Making A Route

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So last week my friend and I went hiking on the trails in Snake Den near my house. We came across this giant crag that we have never scene before and that’s when we knew I had to climb it. I went home that night and did some research on it and there was absolutely no record of it being climbed at all. I couldn’t believe it because it was a decent 40ft wall. After hours of researching it I came to nothing but dead ends.  Who knows, maybe it had been climbed and named before but I found nothing. I decided to take the initiative to send and and name it myself.

Over the weekend we set up top rope over the crag and invited a few other local climbing friends in the area. Since it was my idea I was the first one to get to climb it. I went through a bit of trouble because I wanted to stay left to the left of the route but the top rope just wasn’t hearing it. I knew I had to stay under the rope which actually was the most difficult way to go. That’s when I realized the route was going to be a little difficult. I got to an over hang and got stuck for a few minutes but I found a little foot hold all the way to the right that I used to push off on. I decided that the route had to be about a 5.10. The first half was easy but once you got to the over hang it became very difficult and needed a bit of technique to push through that section. When rating a rout you can sort of feel what the grade is just because you have climbed so much. It’s almost like driving a car, you don’t need to look at the speedometer to know you’re going 35mph. You are so used to driving that you can feel how fast our going. It’s sort of the same way when it comes to climbing.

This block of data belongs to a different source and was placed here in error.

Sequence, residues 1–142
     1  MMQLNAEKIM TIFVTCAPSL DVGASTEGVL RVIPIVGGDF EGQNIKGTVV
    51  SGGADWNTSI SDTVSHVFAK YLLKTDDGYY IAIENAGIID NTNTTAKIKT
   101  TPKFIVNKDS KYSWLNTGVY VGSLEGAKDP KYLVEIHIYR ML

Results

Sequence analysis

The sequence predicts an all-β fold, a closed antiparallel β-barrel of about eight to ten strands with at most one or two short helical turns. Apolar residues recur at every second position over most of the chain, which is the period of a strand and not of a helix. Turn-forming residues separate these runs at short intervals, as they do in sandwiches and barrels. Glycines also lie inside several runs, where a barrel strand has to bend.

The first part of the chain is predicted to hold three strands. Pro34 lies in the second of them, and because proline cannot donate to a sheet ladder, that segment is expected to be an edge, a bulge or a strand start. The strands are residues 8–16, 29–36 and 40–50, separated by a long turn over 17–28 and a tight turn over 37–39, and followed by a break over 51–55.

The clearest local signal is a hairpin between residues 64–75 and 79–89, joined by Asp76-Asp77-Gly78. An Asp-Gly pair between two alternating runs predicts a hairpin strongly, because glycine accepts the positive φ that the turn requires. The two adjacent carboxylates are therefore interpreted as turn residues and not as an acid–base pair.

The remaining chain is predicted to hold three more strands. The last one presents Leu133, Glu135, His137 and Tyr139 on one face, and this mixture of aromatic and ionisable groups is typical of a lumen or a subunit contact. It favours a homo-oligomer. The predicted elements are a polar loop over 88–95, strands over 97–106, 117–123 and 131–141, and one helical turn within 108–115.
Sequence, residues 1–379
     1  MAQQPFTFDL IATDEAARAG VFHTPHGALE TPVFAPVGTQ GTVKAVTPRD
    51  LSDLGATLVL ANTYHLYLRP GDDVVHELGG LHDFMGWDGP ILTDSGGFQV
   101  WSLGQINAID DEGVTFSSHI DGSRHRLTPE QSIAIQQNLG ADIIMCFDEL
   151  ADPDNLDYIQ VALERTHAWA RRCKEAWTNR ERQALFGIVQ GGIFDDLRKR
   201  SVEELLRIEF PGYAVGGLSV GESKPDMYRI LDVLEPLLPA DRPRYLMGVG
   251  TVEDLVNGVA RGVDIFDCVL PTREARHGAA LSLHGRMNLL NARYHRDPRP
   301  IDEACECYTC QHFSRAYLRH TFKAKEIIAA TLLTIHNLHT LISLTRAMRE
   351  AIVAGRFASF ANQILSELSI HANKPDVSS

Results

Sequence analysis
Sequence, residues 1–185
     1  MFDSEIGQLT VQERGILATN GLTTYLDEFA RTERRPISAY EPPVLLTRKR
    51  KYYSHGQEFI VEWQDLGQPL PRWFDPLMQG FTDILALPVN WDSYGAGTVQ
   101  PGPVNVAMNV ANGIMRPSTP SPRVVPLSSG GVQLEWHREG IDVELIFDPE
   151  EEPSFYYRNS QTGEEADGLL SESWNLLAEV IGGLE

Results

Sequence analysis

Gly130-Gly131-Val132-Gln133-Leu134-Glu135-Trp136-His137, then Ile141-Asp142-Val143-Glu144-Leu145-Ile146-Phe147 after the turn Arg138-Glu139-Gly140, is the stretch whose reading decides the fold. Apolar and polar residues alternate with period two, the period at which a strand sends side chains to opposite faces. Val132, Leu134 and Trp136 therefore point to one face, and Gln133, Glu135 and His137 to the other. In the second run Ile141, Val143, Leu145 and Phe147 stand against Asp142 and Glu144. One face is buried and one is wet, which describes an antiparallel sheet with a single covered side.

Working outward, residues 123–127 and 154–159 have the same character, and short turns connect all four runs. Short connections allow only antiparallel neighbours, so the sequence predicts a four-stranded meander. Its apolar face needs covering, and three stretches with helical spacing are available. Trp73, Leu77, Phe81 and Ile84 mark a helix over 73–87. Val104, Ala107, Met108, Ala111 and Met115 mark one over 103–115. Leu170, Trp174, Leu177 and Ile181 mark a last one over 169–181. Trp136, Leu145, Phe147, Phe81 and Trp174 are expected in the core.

When I got to the very top of the rout there were two ways to get up. You could stay right and top out there or you could  stay left and there was about another 5ft to climb that had a giant crack going through it. If you stay left you have to climb the crack and then top out. You basically do whatever you think you can do. After the climb I decided to give it a rating of 5.10+ because if you stay left up the crack it makes it a bit harder. If you stay right and top out the easy way its a solid 5.10. Since I was the first to send it I had the honors of naming it. We had the 80’s pop station playing on Pandora when the song “The Land Down Under” came on. It was sort of fitting, at the bottom of the crag it feels like you’re in a land down under since the cliff is so giant, especially with the over hang. That was the moment when I decided that it was only necessary to name the route The Land Down Under 5.10+. I made a page for it on the Mountain Project website.  Feel free to check it out. I didn’t  realize that creating a route was so much fun and actually makes you feel proud of yourself. I encourage all of you adventurers to go out and find a new route, send it, grade it, and name it!

 

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